globaldesi

please post OE for this.

Thanks!
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Re: The traditional timeframe for the fall of the Roman Empire is around 4  [#permalink]

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New post 17 Sep 2018, 07:54
please explain why the answer is D and not B?
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Re: The traditional timeframe for the fall of the Roman Empire is around 4  [#permalink]

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New post 17 Sep 2018, 10:19
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Apologies guys.
Correct answer is B
posting OA
Whenever you are asked for a statement that the author is "most likely to agree with", you are being asked an inference question, often about the core of the author's argument. To be successful on a question like this one, it helps to examine the answer choices within the context of the passage as a whole.

Choice (A) argues that vocabulary is the main difference in historiography, not interpretation. While vocabulary is mentioned as an aspect of historiographical debate (specifically the definition of the word "Roman"), the passage mainly discusses interpretation, not vocabulary, so (A) can be eliminated.

Correct answer choice (B) gives the definition of historiography - that historian's interpretations are influenced by both the events themselves and the writer's cultural context. This is correct. You can find concrete evidence for this in paragraph two ("Historiography tries to take into account that, because historians are human, two historians might have vastly different interpretations of the same set of facts in light of their cultural contexts and the accounts they choose to value of the same event.") and in paragraph three ("Every time historians and teachers talk about the past, they decide which stories to privilege and which to discount.").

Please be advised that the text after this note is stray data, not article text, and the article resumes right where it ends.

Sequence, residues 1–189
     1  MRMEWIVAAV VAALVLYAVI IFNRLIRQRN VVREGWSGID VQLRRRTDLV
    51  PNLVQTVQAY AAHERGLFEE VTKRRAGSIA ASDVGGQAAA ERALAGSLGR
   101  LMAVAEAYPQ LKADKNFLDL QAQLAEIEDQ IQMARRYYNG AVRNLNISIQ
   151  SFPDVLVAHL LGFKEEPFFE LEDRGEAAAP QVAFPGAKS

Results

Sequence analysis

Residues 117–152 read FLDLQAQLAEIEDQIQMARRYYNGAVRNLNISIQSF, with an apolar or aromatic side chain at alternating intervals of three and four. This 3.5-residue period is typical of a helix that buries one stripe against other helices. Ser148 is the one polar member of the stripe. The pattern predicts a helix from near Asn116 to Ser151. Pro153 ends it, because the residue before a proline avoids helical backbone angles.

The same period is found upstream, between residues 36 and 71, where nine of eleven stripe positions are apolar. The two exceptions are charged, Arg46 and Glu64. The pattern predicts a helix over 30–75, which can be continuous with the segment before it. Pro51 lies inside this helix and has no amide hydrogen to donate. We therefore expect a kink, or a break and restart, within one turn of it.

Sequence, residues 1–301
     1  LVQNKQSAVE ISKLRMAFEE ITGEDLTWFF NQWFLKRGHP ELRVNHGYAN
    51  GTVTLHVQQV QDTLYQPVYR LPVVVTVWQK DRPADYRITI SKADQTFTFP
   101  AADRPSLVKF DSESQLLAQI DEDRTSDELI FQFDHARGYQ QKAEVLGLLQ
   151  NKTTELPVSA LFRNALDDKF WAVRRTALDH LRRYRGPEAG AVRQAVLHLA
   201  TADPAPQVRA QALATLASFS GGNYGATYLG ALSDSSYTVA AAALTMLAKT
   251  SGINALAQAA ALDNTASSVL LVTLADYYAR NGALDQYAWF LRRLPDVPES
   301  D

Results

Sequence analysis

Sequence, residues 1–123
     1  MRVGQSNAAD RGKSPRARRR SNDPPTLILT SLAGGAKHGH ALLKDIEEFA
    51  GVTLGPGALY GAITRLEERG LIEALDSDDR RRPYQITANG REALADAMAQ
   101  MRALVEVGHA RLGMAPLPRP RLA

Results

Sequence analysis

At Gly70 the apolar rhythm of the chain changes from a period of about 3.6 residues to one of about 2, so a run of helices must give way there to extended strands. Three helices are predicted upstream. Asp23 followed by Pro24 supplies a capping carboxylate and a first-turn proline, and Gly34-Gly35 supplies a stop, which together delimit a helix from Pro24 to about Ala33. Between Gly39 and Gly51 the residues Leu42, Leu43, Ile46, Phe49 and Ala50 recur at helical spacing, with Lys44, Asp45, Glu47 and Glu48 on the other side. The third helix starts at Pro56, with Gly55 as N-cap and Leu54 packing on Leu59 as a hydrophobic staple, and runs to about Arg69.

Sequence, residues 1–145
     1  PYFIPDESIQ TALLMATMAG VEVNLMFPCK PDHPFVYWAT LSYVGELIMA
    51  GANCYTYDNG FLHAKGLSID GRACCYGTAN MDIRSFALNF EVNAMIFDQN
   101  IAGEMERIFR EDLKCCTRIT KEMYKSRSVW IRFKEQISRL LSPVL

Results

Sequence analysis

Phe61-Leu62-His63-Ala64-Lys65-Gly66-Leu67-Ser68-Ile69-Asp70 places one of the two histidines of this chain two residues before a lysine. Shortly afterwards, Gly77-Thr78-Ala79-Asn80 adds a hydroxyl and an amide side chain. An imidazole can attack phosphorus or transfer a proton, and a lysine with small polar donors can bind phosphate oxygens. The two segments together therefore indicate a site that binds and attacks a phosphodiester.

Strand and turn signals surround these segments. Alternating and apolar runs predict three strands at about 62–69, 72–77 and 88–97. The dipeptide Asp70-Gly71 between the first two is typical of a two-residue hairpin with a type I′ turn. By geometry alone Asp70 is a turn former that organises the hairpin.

Choice (C) also mentions cultural context, but is incorrect. While the author mentions historical context as a factor in historical interpretations, there is no argument about whether historians need to expand their contexts.

Choice (D) can be eliminated because of its scope. While the author does mention lack of historical documents as a reason for some historical interpretations, it isn't the only reason given.

Choice (E) can similarly be eliminated because while the author does mention that some historiographical writings do bring new perspectives to light, no indication is given as to whether this is the primary reason that these debates occur.
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Re: The traditional timeframe for the fall of the Roman Empire is around 4  [#permalink]

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New post 18 Sep 2018, 09:54
Hello globaldesi -

Could you please post all the questions of the RCs ?

Thanks,
Madhukar
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New post 18 Sep 2018, 11:48
Will post as I get more for this passage

Posted from my mobile device
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Re: The traditional timeframe for the fall of the Roman Empire is around 4 &nbs [#permalink] 18 Sep 2018, 11:48